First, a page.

Geek Trivia: What use of the word hobbit predates Tolkien by more than a century?

An explicit, well-documented use of the word hobbit predates Tolkien's creation by well over 100 years -- and it has nothing to do with halflings, fantasy, or Middle Earth.

 If you were in Wales trying to buy grain in the early 1800s, odds are you were dealing with hobbits. No, we're not talking about short, large-footed, and slightly hirsute hole-dwellers (you clearly have a low opinion of the 19th century Welsh) but weights and volumes. The first known use of the word hobbit is as a British, particularly Welsh, unit of measure.

Specifically, the hobbit is a derivative of the Winchester measure of units enacted by Henry VII in the late 15th century. The term had various spellings, including hobbit, hobbet, hobbett, and hobed. It was conceived as a unit of volume equal to 40 gallons. Unfortunately, much like the spelling, the definition of a hobbit varied from region to region, not least because grain-sellers began using the hobbit interchangeably as a unit of volume and weight.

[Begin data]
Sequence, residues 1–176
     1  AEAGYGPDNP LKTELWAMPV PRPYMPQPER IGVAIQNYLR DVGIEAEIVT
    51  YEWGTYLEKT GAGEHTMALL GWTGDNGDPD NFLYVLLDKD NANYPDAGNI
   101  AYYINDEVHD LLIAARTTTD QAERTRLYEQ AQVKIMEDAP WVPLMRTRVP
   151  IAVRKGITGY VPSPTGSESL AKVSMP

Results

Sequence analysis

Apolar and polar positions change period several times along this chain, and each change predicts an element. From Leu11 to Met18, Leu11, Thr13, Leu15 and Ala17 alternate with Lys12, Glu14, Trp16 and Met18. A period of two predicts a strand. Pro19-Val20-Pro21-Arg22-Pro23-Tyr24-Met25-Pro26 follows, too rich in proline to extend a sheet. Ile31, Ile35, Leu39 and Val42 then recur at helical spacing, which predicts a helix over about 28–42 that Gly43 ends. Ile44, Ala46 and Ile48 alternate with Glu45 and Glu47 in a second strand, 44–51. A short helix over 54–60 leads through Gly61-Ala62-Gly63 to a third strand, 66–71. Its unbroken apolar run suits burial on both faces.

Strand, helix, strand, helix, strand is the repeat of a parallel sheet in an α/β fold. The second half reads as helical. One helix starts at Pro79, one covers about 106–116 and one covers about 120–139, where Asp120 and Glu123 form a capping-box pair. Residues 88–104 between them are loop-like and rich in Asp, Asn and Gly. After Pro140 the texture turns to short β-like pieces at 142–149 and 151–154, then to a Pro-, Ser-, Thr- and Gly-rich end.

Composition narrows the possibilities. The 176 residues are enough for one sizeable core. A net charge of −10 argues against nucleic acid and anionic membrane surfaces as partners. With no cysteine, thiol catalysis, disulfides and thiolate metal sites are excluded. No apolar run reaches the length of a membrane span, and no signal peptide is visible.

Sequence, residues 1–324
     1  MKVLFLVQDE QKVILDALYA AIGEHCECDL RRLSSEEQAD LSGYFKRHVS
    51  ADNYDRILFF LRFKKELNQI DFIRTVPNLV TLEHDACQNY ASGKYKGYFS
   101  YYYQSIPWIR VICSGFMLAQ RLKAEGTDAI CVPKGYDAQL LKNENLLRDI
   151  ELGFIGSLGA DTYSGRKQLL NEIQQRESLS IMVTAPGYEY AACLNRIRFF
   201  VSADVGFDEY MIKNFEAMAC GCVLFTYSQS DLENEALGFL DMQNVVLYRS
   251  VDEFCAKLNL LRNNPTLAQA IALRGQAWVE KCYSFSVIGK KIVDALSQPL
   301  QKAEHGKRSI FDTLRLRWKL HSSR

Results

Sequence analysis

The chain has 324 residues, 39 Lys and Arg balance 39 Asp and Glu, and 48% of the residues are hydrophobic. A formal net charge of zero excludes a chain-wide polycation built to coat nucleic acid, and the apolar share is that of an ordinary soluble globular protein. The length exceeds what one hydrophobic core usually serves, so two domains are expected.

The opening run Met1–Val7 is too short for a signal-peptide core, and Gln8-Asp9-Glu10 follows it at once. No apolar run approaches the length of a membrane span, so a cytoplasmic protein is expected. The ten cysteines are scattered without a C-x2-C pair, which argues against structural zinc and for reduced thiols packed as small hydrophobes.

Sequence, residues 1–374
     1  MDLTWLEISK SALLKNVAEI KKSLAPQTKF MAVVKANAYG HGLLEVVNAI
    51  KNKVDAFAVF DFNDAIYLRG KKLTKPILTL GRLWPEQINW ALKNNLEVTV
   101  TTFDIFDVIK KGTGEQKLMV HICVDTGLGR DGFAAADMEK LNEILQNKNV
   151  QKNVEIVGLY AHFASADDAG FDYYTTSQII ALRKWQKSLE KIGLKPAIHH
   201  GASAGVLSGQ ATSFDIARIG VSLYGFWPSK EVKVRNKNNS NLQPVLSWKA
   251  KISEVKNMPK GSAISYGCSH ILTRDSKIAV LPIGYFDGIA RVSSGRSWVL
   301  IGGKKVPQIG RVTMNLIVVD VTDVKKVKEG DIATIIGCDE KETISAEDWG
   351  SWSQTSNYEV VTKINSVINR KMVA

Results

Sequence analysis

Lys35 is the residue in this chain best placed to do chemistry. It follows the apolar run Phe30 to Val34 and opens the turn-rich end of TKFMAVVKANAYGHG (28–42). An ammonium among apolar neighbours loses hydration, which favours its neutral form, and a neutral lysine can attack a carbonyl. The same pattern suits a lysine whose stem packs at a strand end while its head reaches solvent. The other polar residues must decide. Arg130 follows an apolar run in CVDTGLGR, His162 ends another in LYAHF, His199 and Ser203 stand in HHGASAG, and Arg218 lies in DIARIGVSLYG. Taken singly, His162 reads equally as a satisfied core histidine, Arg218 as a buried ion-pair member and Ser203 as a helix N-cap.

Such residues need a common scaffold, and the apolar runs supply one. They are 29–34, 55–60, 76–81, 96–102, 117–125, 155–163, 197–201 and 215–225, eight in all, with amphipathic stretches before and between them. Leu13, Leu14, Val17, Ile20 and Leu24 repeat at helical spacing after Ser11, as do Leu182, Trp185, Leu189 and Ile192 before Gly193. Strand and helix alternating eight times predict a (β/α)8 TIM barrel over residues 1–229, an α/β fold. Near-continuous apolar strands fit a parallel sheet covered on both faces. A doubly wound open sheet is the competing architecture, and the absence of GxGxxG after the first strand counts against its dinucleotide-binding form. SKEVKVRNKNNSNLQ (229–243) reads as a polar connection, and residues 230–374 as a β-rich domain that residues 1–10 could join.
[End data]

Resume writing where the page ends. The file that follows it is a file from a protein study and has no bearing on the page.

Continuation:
A gallon of water and a gallon of grain don't weigh remotely the same, and the confusion (or willful misunderstanding of math) led to a series of lawsuits in late 1800s over the breach of contract when a buyer's definition of a hobbit and a seller's did not match. As such, the hobbit fell out of general use by Tolkien's day, though whether it became so obscure as to ensure he'd never heard the term before conjuring up one Bilbo Baggins, one cannot say.

After all, he was only a professor of historical language.

That's not just some exceedingly interesting etymology; it's a linguistically unlikely labor of Geek Trivia.

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